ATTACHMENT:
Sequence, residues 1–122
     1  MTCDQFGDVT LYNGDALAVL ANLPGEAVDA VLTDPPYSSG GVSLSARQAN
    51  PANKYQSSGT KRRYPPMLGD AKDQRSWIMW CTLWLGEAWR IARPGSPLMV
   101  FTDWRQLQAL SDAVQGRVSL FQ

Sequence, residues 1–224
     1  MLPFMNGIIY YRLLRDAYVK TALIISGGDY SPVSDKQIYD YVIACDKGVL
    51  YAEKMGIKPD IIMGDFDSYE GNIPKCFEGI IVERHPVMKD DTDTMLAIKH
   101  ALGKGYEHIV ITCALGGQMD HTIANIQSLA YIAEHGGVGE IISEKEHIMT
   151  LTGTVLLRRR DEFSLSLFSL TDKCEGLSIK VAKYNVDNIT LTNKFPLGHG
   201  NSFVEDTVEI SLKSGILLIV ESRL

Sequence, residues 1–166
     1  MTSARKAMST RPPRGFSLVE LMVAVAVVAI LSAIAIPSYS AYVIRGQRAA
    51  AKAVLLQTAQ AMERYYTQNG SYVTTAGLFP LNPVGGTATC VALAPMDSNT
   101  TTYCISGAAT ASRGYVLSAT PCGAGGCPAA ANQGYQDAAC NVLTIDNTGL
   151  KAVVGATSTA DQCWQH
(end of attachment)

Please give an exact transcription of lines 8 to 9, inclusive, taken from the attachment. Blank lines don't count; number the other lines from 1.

   101  ALGKGYEHIV ITCALGGQMD HTIANIQSLA YIAEHGGVGE IISEKEHIMT
   151  LTGTVLLRRR DEFSLSLFSL TDKCEGLSIK VAKYNVDNIT LTNKFPLGHG